I guess I feel I'm doing an amazing job. But I always end the day feeling inadequate, as I feel deep down that she needs more than just me. It's s lonely sometimes. Like today. Which is why I was on mumsnet browsing the forum.

Abouteve - I would love to hear more about you. And any pointers or advice would help. I dread the day that my daughter asks about dads. And the day she may want to see him. right now she's only 19 months.

I live abroad which is also hard, as no family here. And I'm just starting up an international single parents group, as a way of overcoming many things and being in a mutually helpful nd supportive circle of like minded people. Have had great feedback, and the first meeting is next week!

would love to hear from anyone that reads this. I can take directness. It would help. So if theres anything you think I need to hear, please go ahead and tell me.

Thanks!

Issy42 Sat 03-Oct-09 15:29:56

Hi bluecarrot. I'm a SMBC too. After 8 failed DIUIs including 2 early mcs and one successful DIVF, I'm currently 25 weeks. Although I don't like the 'by choice' phrase as my 'choice' would have been a traditional family life but I just didn't meet the right person in time and wasn't prepared to wait until he came along or settle with the wrong person. I haven't joined the DCN yet, but it's on my long list of things to do before baby comes and it has been recommended to me by others. I don't live in London either I'm afraid, but wanted to point you in this direction. It's a thread for single women on a fertility treatment support network website. You may find someone there. Good luck!

Claire2009 Sat 03-Oct-09 15:31:55

I'm a SMBC too, two children, was in a domestic violence relationship and got out of it, have been single since, Ex sees the kids 1-2 times per month and is pretty useless other than that.

june60sbaby Sat 03-Oct-09 16:32:43

I'm a smbn (necessity) I met my ex husband when i was just 16. He would always have 'moods' that he attributted to problems at work. Since found out more like problems with guilt during varios affairs. He became unbearable to live with by the time our now 10yr old daughter was 3. The cycle of abuse would be that I had done something 'wrong', he would punnish me by sulking/flying of the handle at a moments notice for 1-2 weeks then he would be incredibly loving and attentive until my next 'misdemeanor'. He refused to leave, as it was, of course, me that was causing all the problems. When my daughter was 7 1/2 the husband of latest fling found out so he told me and ex then voluntarily left. I have bent over backwards to make access easy for him, and until he decided he doesn't want to be with current partner, (the fling), we managed to co parent amicably. Now he is back to his old tricks with me-he has no money, he cant afford to live, his relationship broke down- and it's all my fault- apparently. So i have decided that a relationship is really not worth the hassle and abuse. I really dont think i could ever trust any one again. I can do what i like in my own home. My daughter and I are happy. I have a very supportive family and group of friends and I have no intention of letting anyone mess that up. (although ex is still pre occupied with doing his best- lets hope he meets someone new soon!)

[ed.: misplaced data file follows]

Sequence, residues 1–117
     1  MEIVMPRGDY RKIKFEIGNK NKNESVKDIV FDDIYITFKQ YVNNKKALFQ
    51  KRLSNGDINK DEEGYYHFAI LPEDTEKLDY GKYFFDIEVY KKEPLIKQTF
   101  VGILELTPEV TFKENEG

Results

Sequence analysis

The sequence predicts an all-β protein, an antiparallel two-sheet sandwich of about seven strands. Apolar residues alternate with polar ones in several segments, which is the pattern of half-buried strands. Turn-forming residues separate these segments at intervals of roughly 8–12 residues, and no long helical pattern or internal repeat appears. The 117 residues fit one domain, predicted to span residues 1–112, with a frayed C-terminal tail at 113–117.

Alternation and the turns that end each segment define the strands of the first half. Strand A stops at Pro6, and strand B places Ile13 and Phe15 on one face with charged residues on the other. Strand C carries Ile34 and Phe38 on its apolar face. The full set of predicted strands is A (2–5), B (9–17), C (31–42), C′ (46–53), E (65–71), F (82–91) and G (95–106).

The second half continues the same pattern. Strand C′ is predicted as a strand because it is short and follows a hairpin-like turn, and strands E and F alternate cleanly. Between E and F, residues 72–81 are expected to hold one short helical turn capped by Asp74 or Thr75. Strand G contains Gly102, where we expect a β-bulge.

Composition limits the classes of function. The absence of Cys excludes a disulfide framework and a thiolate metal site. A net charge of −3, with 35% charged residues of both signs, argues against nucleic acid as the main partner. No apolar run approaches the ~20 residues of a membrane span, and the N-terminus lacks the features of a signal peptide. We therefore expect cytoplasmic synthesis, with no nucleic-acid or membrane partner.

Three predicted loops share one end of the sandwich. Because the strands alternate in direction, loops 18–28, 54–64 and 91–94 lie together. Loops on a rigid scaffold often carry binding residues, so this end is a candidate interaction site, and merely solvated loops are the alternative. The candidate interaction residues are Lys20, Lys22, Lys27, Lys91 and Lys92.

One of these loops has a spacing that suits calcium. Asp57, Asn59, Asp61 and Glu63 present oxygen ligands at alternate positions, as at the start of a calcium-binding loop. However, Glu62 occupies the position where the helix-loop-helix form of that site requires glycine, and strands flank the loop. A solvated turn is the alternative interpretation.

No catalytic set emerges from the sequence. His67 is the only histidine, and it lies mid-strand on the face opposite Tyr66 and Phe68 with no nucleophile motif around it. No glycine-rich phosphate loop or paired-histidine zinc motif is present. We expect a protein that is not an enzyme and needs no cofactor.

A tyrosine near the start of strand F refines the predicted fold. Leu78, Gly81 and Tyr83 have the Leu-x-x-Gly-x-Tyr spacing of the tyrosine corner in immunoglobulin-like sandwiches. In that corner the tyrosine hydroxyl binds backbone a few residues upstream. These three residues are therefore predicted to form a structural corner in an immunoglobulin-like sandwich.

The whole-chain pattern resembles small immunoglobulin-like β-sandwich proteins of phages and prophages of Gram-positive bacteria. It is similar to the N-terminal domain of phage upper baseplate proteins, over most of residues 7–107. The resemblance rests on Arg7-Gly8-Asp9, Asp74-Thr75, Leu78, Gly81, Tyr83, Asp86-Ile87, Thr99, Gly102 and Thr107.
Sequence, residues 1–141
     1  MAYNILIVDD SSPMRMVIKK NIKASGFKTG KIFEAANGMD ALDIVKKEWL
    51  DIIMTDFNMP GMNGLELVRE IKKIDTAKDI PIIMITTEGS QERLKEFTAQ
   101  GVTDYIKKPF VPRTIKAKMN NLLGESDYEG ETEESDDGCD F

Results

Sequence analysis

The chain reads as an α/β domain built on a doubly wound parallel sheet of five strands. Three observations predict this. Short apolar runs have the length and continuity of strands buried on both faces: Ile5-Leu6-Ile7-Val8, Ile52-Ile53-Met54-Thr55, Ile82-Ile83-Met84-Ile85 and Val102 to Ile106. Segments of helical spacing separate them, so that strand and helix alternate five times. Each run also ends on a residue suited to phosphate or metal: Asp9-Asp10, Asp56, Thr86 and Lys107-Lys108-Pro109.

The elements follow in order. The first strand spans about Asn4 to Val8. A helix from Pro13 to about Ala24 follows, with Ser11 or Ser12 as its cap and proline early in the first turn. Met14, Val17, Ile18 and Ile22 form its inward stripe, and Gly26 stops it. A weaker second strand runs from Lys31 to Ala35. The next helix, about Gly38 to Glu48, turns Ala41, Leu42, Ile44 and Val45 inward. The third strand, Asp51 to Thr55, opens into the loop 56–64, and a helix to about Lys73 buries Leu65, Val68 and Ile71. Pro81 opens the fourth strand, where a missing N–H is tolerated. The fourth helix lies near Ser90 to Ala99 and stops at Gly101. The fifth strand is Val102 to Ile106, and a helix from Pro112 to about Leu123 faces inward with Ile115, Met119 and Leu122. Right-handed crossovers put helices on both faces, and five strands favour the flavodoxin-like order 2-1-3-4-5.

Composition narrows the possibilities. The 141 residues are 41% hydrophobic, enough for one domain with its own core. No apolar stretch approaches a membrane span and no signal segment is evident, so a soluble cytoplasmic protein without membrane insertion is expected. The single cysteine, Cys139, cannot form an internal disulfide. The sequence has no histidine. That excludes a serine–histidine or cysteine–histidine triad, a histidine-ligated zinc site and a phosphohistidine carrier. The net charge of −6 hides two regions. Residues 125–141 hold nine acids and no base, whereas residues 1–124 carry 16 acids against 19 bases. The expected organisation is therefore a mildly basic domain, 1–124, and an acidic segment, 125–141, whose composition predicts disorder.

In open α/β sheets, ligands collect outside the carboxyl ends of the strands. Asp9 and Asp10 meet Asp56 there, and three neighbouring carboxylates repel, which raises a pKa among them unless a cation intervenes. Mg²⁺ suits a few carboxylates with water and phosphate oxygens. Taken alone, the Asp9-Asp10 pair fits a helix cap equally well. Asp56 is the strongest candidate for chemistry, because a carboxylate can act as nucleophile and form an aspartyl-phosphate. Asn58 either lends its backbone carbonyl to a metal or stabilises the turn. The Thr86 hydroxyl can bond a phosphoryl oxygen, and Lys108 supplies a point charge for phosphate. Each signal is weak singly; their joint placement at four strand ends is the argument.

embarazada35 Thu 25-Dec-14 18:44:23

Hello, yes I am! I'm 35 and twelve weeks pregnant by a man who says he can not cope with another child, (long story)and although my parents have kindly agreed to support me, I'm terrified at the prospect of giving up my job. Not sure how old your post is, I only just joined up to this site! Hope to hear from you soon /from anyone in a similar situation,

PurpleStripedSock Fri 26-Dec-14 23:14:34

Just chiming to say hi :-) I have a 20 month old and am currently 16 weeks pregnant with number two. Nice to 'meet' you :-)

girliefriend Sat 27-Dec-14 22:26:20

Hi all, I found out as I was pregnant after a ONS and decided to keep my baby knowing that I would be doing it on my own.

I won't lie to you, it has been hard a lot at times but the pros outweigh the cons because the pros are I have a beautiful, funny and lovely dd (nearly 9yo) that I don't have to share with anyone.

The cons are dealing with everything on my own, coping when one of us ill, coping when dd is upset and desperate to have a 'daddy' sad being skint most of the time. Last year I met someone who dd loved and it was heartbreaking when the relationship didn't work out. I feel a dull sense of guilt most of the time.

However on a day to day basis we are fine, dd is happy and healthy and I love being a mum. If I was in a better financial situation I would be tempted down the sperm donor route for another baby.